Medicaid and CHIP data show a marked decrease in behavioral healthcare utilization amid the COVID-19 pandemic
Healthcare utilization plummeted during a long stretch of 2020, and arguably the biggest impact was seen in mental health services.
CMS released new data that illustrate the toll of the COVID-19 pandemic on healthcare utilization for Medicaid and Children’s Health Insurance Program beneficiaries.
For the period spanning March 2020 to October 2020, relative to the same time frame in 2019, significant decreases in utilization were seen. In beneficiaries ages 18 and younger, declines included:
- 1.8 million (9%) fewer vaccinations for beneficiaries younger than 2
- 4.6 million (21%) fewer child screening services
- 14 million (34%) fewer mental health services
- 11.9 million (39%) fewer dental services
Arguably the most notable trend was in mental health services. In addition to the decrease in pediatric services, CMS reported a drop of 12 million (22%) in such services for adults.
“The gap in service utilization due to the PHE [public health emergency], particularly for mental health services, may have a substantial impact on long-term health outcomes,” CMS stated in a news release.
In addition, utilization of substance-use disorder (SUD) services dropped by 3.6 million (13%).
In a May 18 national stakeholder call, an official with CMS’s Center for Medicaid and CHIP Services said the decrease in mental health services stood out from other trends in that it could be seen across states. In other categories, there was more variation from one state to the next.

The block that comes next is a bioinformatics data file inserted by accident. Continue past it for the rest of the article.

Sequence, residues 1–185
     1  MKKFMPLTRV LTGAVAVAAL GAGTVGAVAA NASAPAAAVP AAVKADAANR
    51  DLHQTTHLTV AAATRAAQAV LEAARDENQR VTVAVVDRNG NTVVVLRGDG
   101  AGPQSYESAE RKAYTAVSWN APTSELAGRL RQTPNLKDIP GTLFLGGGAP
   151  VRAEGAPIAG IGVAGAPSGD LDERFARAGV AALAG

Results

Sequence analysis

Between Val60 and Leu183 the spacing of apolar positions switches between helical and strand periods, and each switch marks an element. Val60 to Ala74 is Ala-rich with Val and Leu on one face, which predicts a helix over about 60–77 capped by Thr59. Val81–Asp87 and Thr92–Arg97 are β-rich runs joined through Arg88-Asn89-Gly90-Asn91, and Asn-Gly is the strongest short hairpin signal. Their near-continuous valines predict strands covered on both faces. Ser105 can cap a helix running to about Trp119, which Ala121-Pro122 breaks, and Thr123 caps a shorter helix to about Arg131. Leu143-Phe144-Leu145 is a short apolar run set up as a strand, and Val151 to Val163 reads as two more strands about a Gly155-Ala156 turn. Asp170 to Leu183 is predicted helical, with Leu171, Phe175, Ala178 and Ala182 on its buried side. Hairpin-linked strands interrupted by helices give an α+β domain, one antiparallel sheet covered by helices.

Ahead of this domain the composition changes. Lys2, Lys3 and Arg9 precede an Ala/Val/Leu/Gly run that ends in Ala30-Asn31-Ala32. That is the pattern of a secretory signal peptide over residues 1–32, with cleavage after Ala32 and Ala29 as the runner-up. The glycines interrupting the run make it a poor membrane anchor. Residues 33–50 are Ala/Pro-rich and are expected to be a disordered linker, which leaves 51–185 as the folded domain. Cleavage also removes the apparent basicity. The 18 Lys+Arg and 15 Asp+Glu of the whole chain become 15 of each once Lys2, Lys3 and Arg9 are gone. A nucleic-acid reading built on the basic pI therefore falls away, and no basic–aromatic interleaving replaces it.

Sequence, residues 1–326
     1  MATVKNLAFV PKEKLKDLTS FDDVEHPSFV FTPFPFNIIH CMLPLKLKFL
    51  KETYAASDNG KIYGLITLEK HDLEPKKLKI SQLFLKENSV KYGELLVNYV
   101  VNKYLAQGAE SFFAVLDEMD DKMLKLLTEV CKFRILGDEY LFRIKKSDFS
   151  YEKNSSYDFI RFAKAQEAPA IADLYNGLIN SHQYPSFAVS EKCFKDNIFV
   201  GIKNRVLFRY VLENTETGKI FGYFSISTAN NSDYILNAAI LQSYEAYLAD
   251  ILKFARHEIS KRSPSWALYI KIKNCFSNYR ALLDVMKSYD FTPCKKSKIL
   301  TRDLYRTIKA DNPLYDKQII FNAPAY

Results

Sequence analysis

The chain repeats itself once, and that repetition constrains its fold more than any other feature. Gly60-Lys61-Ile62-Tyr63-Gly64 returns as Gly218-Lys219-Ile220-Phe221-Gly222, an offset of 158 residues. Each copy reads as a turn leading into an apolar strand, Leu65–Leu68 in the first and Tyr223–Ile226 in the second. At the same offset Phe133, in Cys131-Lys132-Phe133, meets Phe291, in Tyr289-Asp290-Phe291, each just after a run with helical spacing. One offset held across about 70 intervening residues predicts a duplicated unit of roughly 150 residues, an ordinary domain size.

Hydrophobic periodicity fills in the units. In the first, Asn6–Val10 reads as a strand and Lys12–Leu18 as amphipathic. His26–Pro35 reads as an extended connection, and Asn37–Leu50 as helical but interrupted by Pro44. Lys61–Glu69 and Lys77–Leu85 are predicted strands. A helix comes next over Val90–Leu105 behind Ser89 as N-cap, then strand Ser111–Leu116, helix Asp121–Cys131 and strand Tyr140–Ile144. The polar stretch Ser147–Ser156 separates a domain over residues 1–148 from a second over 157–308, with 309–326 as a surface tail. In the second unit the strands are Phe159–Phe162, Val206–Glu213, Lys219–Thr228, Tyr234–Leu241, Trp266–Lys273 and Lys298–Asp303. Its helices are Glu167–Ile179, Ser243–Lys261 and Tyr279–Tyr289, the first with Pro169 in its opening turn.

Utilization declines while the need for services rises
The utilization trends particularly are a concern given the impact of the pandemic on mental health. Preliminary government data “suggests a sharp increase in the number of adults reporting adverse mental or behavioral health conditions during the COVID-19 pandemic compared to prior years,” CMS reported. The trend appears to be especially acute among racial and ethnic minority groups.
Preliminary evidence likewise “indicates an increase in drug-related mortality” during the pandemic.
Medicaid and CHIP together are the largest payer of mental health and SUD services. A quarter of beneficiaries receive such services even as barriers have been apparent since long before the pandemic.
Although telehealth represents an alternative mode of care for mental health services, it can’t close the gap completely. “For some of these services, they really cannot be delivered via telehealth. They have to be delivered in person,” the CMS official said. “That poses a unique challenge for the delivery of care during the public health emergency.”
For example, SUD services often are delivered in inpatient or partial-hospitalization settings.
Some positive utilization trends seen
Among beneficiaries younger than 19, utilization rates for some primary and preventive care services have recovered to pre-pandemic levels or at least are on the upswing, CMS reported.
Nevertheless, “millions of services still need to be delivered to make up for those missed between March and October 2020,” CMS stated in a news release.
Telehealth helped close some of the gap. The increase in telehealth services from March-October 2019 to the same period in 2020 was 2,700%, equating to almost 68 million additional services provided to Medicaid and CHIP beneficiaries.
Note about the methodology
CMS notes that its data should be interpreted “with caution.” The data are based on claims that can have a lag time of seven months at any given point and even longer during the pandemic. The delay “may impact the accuracy of the results.”